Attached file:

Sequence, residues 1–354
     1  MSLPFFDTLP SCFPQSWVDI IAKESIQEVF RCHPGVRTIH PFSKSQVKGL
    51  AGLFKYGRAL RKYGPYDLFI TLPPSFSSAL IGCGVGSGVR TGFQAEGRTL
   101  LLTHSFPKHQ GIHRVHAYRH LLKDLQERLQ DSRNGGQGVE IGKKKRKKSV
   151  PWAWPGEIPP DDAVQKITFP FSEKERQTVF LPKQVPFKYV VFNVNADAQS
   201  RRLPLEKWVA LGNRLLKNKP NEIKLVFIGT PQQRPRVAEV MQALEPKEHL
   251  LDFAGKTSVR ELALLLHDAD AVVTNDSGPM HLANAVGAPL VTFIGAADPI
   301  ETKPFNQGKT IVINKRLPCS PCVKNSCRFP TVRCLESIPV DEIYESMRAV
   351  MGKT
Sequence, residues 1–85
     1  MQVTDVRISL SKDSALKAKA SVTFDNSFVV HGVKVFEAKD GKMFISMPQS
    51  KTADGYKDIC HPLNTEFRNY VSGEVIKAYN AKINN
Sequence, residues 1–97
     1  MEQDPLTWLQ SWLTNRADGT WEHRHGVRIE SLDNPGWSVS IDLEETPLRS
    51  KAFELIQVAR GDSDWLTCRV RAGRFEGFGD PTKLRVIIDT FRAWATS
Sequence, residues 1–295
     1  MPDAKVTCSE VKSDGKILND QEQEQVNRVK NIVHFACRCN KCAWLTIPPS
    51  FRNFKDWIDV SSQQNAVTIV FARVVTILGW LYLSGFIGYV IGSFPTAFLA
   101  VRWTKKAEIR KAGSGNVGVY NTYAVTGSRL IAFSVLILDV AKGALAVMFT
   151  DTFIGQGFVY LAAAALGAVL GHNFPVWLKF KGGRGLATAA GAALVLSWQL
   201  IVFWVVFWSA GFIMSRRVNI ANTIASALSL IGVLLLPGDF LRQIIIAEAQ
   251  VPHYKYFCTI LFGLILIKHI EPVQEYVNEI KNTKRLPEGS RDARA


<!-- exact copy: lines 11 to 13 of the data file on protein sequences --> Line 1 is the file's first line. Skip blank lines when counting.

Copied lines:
     1  MQVTDVRISL SKDSALKAKA SVTFDNSFVV HGVKVFEAKD GKMFISMPQS
    51  KTADGYKDIC HPLNTEFRNY VSGEVIKAYN AKINN
Sequence, residues 1–97